Article portrayed both defendant and lawyer in unfairly negative light

To the Editor:

The article in your paper on Friday (“Law professor defends mobster,” 10/14) is filled with inaccuracies but I write only to correct a few of them and to protest the bias that it reflects.

First, the headline of the article, “Law Professor Defends Mobster.” How does your reporter know that my client is a “mobster,” much less the “notorious mobster” that he is called in the body of the piece? My client has been in prison for 12 years. Whatever he may have been in the past — as to which there is no reliable evidence that I am aware of — surely 12 years in prison is enough to at least raise a question about what he is now. Why not a headline, “Law Professor Defends the Constitution”? Or “Law Professor Defends Innocent Man”? After all, the article reflects an apparent awareness that I filed half a dozen affidavits (and 16 FBI reports) attesting to my client’s innocence of the crimes he was convicted of. It is also a matter of public record that my client was previously tried for a murder that the FBI knew he had not committed. Thus, not once but twice was an innocent man put to trial by authorities who knew he was not guilty. There is an implicit message in the article and its headline that it is improper or sleazy to defend someone who is reputedly a “mobster,” no matter how innocent he may be, no matter how corrupt the system that put him in prison for life. The surgeon that tried to repair my client’s face that was broken in prison is, thankfully, not painted with the same fetid brush that is applied to his lawyer.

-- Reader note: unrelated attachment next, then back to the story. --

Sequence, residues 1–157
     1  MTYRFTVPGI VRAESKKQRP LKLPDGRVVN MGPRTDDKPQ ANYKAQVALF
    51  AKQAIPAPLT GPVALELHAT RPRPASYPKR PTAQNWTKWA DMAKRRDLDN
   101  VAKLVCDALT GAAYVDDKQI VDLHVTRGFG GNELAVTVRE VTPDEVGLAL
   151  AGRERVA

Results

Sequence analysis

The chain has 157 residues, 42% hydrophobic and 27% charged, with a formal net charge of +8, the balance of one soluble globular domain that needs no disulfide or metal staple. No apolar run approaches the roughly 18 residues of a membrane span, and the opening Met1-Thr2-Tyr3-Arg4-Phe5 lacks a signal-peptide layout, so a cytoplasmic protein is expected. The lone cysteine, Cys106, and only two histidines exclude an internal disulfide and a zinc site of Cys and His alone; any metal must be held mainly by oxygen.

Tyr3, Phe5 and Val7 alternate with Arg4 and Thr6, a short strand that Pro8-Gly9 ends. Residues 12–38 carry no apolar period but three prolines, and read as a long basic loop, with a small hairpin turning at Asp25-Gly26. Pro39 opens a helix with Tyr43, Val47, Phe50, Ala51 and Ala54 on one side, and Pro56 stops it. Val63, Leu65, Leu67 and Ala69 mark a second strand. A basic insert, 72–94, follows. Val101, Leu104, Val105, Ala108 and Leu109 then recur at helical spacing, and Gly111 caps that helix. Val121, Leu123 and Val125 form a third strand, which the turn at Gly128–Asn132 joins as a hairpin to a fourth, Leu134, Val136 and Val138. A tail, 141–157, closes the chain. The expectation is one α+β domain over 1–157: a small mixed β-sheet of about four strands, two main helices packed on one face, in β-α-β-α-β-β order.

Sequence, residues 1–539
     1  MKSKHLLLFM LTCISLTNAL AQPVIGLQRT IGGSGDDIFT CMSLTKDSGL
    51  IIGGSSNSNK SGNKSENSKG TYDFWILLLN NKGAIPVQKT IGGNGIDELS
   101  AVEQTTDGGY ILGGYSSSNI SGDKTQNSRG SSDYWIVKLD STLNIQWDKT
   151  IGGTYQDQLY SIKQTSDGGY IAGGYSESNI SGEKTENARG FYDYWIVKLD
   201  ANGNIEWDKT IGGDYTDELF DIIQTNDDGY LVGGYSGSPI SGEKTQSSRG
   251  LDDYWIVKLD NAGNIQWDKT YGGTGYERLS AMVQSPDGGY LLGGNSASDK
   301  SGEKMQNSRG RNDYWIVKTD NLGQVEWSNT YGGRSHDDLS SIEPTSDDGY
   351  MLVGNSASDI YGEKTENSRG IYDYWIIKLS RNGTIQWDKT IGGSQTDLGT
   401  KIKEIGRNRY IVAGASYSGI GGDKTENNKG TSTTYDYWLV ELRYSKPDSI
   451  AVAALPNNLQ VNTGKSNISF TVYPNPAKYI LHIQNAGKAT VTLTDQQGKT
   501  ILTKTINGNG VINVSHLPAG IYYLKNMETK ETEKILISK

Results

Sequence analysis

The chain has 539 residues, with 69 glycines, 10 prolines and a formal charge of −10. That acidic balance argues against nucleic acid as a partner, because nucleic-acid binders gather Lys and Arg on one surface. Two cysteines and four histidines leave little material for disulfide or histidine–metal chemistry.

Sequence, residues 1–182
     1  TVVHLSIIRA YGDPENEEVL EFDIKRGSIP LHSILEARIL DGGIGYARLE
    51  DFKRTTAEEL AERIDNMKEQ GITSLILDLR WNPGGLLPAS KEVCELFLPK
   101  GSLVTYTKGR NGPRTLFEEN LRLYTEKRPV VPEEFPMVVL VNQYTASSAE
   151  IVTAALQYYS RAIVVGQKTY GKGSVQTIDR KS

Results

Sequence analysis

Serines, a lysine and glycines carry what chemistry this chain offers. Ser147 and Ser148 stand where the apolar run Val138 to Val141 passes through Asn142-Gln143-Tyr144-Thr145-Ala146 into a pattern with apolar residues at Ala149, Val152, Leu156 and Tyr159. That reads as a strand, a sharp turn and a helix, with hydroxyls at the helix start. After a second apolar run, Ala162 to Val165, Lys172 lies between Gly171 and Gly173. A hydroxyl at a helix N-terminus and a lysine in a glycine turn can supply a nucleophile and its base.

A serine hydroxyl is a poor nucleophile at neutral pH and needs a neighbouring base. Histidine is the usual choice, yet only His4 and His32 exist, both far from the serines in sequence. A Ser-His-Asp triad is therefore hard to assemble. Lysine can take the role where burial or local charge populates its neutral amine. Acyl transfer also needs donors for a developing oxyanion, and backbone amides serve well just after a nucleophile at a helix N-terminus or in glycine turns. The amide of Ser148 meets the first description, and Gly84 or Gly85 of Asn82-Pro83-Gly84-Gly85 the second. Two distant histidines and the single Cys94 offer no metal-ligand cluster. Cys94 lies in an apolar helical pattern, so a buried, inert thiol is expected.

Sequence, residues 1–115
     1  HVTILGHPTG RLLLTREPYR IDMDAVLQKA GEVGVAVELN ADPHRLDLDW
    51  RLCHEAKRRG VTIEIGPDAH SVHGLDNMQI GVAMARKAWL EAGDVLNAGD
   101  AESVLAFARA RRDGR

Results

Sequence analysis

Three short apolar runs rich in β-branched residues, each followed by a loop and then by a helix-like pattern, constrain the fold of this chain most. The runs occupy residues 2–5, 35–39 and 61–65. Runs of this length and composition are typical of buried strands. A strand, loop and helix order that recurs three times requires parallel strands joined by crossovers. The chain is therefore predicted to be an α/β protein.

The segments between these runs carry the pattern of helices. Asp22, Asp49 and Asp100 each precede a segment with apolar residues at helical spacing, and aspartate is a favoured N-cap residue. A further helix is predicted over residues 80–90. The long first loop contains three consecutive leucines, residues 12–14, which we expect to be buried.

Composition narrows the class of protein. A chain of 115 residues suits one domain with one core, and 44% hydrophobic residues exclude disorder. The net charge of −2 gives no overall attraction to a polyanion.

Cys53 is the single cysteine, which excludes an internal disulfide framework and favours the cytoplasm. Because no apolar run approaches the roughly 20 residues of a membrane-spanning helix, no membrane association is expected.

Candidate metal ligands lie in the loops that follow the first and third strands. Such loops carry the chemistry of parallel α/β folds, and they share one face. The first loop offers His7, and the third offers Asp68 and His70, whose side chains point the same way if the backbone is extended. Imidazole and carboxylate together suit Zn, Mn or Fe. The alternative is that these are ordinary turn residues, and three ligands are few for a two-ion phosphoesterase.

The article also says that I “made a career out of counseling prison inmates.” I have no idea where that information came from. I have made a career out of teaching law students and writing about legal issues, in dozens of publications; in briefing and arguing issues of constitutional law in the Supreme Court and lower courts across the land and, yes, occasionally representing people in prison or threatened with prison. I have not often counseled prison inmates but I much admire those who do. The criminal justice system in the United States is gravely sick and puts thousands of innocent people in prison every year. Once a person is convicted of a crime and loses his appeal (which, despite common assumptions to the contrary, almost always happens), he rarely has any lawyer to come to his aid. He has no money and the system rarely will hire a lawyer for him. He typically relies on other inmates who picked up a bit of legal jargon in the course of their incarceration. They usually write his briefs for him, which are often incomprehensible. In addition to denying the prisoner a competent lawyer, the system has erected many other barriers to prevent the prisoner from getting a review of his conviction in court or getting access to exculpatory evidence that was withheld from him during his trial. If my representation of Martin Taccetta can contribute to awareness of the disease that afflicts the system, I am grateful for that opportunity. Being labeled a “mob lawyer” is a small price to pay for defending the Constitution.

Steven Duke

Oct. 14, 2005

The writer is a professor at Yale Law School.

Comments